When done you should now have something looking like this:
Step 4 - Stripping the bedding or inner insulation
You don't have to carry out this job now, but it can make the wire end a bit more flexible to work with, so now is as good a time as any. There are a number of ways to do this, and which works best for you will partly depend on the tools you are using and the type of inner insulation your SWA has. The one used in this example has a fairly hard and inflexible insulation that is not easy to tear. So the simplest method is to ring it with a sharp knife as we did for the outer insulation:
Here we have to take care not to cut too deep or we will damage the individual conductor insulation. A deep score is usually enough. Next you can bend the inner at the scored point to break it. You should see a small gap open through which you can see the individual insulated wires:
Once you have broken the insulation all round you can usually slide it off the wires. Using a twisting motion often helps a little.
Step 5 - fitting the gland cone section
The cone section of the gland needs to slide between the inner insulation of the cable and under all the armour wires. To make this easy to do you need to splay the wires out a little first. One way to do this is the hold the cable in one hand, and the inner section of the cable in the other, and pull it to one side bending some of the amour wires out where they leave the outer sheath. Now move the inner round in an "orbiting" motion, so as to splay out all the wires:
Once the wires are splayed out, you can slide the cone section onto the end of the wire. Take car to ensure that none of the armour wires slip inside the cone, or they will damage the inner bedding insulation when you tighten up the gland nuts:
Next slide up the armour gripping ring:
And finally screw the armour locking back nut onto the cone section. This will force the grip ring up the cone section of the gland and trap the armour wires firmly in the gland. Use a pair of spanners to tighten the gland parts:
Step 6 - sealing the back of the gland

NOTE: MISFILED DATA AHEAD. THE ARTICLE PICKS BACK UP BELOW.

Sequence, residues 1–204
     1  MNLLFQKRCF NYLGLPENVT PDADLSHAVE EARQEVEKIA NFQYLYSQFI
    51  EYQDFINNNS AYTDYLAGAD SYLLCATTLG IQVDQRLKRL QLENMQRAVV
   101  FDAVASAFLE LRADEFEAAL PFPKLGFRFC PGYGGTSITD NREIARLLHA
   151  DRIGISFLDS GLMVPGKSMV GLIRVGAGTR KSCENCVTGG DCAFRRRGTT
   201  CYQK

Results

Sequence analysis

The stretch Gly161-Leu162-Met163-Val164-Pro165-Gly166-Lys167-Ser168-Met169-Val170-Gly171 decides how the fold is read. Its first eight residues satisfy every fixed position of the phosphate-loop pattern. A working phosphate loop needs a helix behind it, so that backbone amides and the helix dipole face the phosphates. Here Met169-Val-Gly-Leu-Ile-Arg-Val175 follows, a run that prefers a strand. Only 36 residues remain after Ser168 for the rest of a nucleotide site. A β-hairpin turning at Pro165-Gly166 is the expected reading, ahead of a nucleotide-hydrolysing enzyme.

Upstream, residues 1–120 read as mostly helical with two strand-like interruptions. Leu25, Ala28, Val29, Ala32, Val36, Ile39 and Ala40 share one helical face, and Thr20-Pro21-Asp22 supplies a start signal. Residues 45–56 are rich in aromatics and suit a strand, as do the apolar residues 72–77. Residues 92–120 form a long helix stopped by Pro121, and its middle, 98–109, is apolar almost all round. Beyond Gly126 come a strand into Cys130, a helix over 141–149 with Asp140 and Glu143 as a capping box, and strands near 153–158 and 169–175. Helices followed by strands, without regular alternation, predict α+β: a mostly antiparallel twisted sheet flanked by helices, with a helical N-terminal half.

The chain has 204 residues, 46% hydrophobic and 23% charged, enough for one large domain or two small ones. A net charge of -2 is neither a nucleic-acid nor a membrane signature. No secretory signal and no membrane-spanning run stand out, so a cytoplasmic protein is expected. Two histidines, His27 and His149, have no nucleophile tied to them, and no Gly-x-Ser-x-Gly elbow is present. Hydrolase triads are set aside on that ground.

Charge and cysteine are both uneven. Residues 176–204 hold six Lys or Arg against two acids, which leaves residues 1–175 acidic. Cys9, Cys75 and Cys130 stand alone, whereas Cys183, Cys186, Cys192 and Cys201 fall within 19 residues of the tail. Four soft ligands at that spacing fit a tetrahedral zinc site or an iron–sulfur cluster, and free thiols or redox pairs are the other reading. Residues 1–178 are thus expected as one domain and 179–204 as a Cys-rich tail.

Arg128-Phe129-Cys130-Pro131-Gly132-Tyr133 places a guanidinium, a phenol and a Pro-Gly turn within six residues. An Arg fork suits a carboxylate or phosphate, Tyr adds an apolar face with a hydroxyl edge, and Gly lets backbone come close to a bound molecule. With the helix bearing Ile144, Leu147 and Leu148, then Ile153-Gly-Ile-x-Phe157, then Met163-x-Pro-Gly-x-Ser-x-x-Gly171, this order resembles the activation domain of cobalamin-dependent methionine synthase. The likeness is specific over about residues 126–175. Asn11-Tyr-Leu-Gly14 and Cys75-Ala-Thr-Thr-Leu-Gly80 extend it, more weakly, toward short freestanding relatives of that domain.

Now the armour is correctly clamped we can fit the cable sealing nut if we have one. This works like a compression fitting and sandwiches the internal rubber sealing sleeve against the outer insulation of the cable making it watertight:
Step 7 - Connecting to your box
Now the gland is fitted to the cable we can attach it to the actual box or panel that the cable is intended to connect to. For the smaller SWAs a 20mm knock out makes and ideal termination hole. Metal boxes often have pre-made holes ready to take SWA and conduit glands. Plastic ones will often need a knockout trimming out with a sharp knife first.
If you don't have an appropriate sized entry hole, (or you have the sort of hard plastic box that looks like it will shatter as soon as you look at it), then a small 20mm hole saw is ideal for making a suitable hole:
For this example we will terminate the gland on a standard metal box:
To make an effective earth connection to the armour there are a couple of ways of doing it. The standard way to do it is using the supplied earth tag and lock nut. Start by bending the tag a bit:
This will make soldering the earth wire to the tag simpler. You may find it better to solder your earth wire to the tag before you fit it. On plastic boxes this will save you melting the plastic, and on metal ones it stops the extra metal conducting all the heat away and making it hard to solder.
The tag is new clamped between the box wall and the lock nut:
If you don't want to solder to the tag, then you can crimp a ring terminal to the end of your earth wire:
and bolt this to the tag.
A nicer solution however is to dispense with the tag and log nut altogether, and use one of the proprietary fixing nuts like this that act as both lock nut, and also allow eye terminals to be screwed or bolted directly onto the nut.
The final job is to slide the plastic boot into place, making a nice neat job:
Job Done! You can now get on and do the wiring... and the other end of the cable!
Finally, unless you do lots of work with SWA, don't be surprised if fitting a gland properly takes 15 mins or more.